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Will President’s Trump International Agenda Bring Peace Or Create More Tensions?

President Trump’s agenda had some high points but it also had some low ones. A big breakthrough for the President was with the upcoming North Korea summit.

It was announced that the location was Singapore and would be held on June 12, 2019. Trump was expecting Kim Jong-un to denuclearize and hoped the meeting would be fruitful.

However he had withdrawn from the nuclear pact between Iran and a few other Countries. This move was seen as a mistake and many felt it would give Iran an opportunity to make more weapons or buy them.

Most worrying was the fact that shortly after the U.S. withdrew from the deal, Iran fire upon Israel.

Israel retaliated by firing back on Iran, which now could escalate into a war.


The United States of America imposed sanctions on Iran days after the attacks. The Treasury Dept. cited that there were some individuals and companies supporting Iran.

“The Iranian regime and its central bank have abused access to entities in the UAE to acquire U.S. dollars to fund the IRGC-QF’s malign activities, including to fund and arm its regional proxy groups, by concealing the purpose for which the U.S. dollars were acquired,” U.S. Treasury Secretary Steven Mnuchin said.

It was unclear if Trump had a plan by leaving the deal and helping to add fuel to an already tense Middle East.

If Trump could find a way to get through to Kim, maybe he had a way of getting through to Iran.

However until such an event became evident it was worrisome to say the least.

Singapore Summit

The summit scheduled for next month was expected to be unprecedented. It was the first time that the two Nations would meet to discuss international affairs together.

“The highly anticipated meeting between Kim Jong Un and myself will take place in Singapore on June 12th. We will both try to make it a very special moment for World Peace!” Trump wrote.

The U.S. President hoped that the summit would prove to be the change needed between the two Countries and bring about peace.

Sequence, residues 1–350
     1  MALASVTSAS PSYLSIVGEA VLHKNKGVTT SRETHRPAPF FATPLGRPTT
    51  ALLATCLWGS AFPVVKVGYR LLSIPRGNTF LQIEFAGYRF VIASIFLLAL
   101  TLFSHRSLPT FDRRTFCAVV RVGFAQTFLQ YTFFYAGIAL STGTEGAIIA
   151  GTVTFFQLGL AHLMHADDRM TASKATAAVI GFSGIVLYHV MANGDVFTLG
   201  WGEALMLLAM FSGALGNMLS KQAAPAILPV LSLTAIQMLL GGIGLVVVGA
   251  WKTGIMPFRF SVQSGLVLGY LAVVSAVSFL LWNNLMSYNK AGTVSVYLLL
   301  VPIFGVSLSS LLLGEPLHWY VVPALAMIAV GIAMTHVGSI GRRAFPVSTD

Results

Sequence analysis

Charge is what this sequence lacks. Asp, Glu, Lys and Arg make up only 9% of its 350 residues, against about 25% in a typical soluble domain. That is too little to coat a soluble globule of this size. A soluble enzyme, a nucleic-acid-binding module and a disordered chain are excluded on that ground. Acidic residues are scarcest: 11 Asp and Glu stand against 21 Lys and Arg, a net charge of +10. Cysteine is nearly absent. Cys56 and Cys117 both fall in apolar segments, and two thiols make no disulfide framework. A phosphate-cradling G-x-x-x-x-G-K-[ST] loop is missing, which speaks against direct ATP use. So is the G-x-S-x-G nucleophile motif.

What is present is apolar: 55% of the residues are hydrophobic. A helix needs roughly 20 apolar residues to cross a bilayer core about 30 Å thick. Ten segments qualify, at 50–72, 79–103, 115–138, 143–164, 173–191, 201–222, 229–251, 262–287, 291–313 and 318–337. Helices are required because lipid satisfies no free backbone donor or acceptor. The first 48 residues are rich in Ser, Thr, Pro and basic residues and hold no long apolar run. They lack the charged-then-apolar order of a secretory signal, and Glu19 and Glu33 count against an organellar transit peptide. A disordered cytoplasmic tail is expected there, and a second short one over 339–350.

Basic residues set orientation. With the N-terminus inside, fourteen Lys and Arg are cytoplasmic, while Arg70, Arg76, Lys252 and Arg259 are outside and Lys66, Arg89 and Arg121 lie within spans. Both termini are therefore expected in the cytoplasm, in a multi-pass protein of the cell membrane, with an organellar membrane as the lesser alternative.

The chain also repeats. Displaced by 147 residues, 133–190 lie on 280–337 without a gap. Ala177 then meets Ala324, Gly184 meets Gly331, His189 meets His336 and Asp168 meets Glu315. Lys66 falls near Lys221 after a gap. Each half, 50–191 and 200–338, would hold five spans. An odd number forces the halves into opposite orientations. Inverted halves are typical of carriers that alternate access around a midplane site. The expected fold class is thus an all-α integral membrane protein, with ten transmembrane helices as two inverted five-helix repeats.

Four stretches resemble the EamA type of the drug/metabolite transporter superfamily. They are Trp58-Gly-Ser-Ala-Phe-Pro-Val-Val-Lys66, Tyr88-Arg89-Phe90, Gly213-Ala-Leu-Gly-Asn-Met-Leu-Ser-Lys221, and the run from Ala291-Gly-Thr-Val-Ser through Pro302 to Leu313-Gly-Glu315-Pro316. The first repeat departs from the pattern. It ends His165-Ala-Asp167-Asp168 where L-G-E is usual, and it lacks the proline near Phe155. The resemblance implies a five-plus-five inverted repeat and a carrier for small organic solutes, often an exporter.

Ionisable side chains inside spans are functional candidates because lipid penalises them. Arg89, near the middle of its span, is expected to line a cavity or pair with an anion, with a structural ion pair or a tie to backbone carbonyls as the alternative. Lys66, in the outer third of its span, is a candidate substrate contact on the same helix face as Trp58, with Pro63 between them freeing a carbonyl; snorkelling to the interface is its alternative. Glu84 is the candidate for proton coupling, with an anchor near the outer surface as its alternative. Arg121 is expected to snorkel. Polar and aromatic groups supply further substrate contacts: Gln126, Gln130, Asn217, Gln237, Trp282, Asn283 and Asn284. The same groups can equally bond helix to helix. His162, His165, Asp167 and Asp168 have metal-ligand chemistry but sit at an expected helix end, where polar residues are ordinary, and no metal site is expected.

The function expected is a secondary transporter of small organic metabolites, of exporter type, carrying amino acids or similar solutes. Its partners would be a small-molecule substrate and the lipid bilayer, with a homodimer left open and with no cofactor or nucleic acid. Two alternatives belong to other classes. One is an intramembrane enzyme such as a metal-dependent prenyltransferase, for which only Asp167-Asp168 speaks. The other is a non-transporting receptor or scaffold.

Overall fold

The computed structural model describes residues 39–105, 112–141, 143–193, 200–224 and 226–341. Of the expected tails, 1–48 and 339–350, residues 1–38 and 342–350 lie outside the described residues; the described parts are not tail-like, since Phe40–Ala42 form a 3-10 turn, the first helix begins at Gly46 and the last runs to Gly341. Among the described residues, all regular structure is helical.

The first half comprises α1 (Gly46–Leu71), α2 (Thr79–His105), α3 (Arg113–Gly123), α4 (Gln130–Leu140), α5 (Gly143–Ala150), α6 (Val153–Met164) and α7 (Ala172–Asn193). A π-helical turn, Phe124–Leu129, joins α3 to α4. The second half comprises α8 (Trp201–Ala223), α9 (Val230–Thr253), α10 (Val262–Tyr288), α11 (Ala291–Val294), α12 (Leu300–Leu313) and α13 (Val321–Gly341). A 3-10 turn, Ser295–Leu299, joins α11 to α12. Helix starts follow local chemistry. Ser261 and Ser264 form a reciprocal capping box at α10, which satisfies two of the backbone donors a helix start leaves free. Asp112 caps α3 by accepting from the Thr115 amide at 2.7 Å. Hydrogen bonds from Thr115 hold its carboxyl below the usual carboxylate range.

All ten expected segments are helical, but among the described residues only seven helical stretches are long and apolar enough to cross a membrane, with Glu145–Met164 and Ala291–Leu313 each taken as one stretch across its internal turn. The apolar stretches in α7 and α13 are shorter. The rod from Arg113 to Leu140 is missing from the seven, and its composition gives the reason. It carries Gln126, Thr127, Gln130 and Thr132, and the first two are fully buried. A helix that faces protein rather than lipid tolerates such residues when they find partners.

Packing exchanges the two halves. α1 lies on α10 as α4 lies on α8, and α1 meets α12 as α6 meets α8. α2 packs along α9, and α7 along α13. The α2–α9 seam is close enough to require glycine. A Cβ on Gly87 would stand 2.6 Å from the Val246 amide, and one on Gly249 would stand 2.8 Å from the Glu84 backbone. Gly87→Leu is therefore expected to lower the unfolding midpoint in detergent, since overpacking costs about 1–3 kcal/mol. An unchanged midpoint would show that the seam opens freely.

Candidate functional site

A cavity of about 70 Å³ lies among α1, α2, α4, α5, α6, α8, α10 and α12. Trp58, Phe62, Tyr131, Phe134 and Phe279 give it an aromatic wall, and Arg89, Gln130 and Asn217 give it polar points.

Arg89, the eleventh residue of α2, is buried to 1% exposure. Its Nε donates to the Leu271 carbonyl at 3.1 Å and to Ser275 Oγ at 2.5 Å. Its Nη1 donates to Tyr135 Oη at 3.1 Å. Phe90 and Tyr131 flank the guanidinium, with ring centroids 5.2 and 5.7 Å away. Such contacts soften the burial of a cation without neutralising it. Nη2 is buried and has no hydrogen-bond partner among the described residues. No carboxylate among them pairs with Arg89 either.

“I think we have a very good chance of doing something very meaningful,” Trump said. “My proudest achievement will be – this is part of it – when we denuclearize that entire peninsula.”

The administration made it clear that they wouldn’t be taking the summit likely.

“We’re not under any illusions about who these people are,” National Security Council official Victoria Coates told reporters. “We know who we’re dealing with here. But we got up front our people home rather than that having been an afterthought.”

Grenell’s Slip

His administration wasn’t without fault as it created ripples in Germany. An U.S. Ambassador recently chosen by Trump offended Germans by what he said.

This didn’t help the fact that Germany was disappointed that the U.S. pulled out of the Iran deal of which they are a part.

Richard Grenell tweeted “German companies doing business in Iran should wind down operations immediately.”

“It’s not my task to teach people about the fine art of diplomacy, especially not the U.S. ambassador. But he does appear to need some tutoring,” said Andrea Nahles.

Nahles, the leader of Germany’s Social Democratic party wasn’t pleased by the statement.

“This man was accredited as ambassador only yesterday. To give German businesses such orders … that’s just not how you can treat your allies,” Jean Asselborn said.

Asselborn, Luxemburg’s Foreign Minister said called Grenell’s action impertinent.

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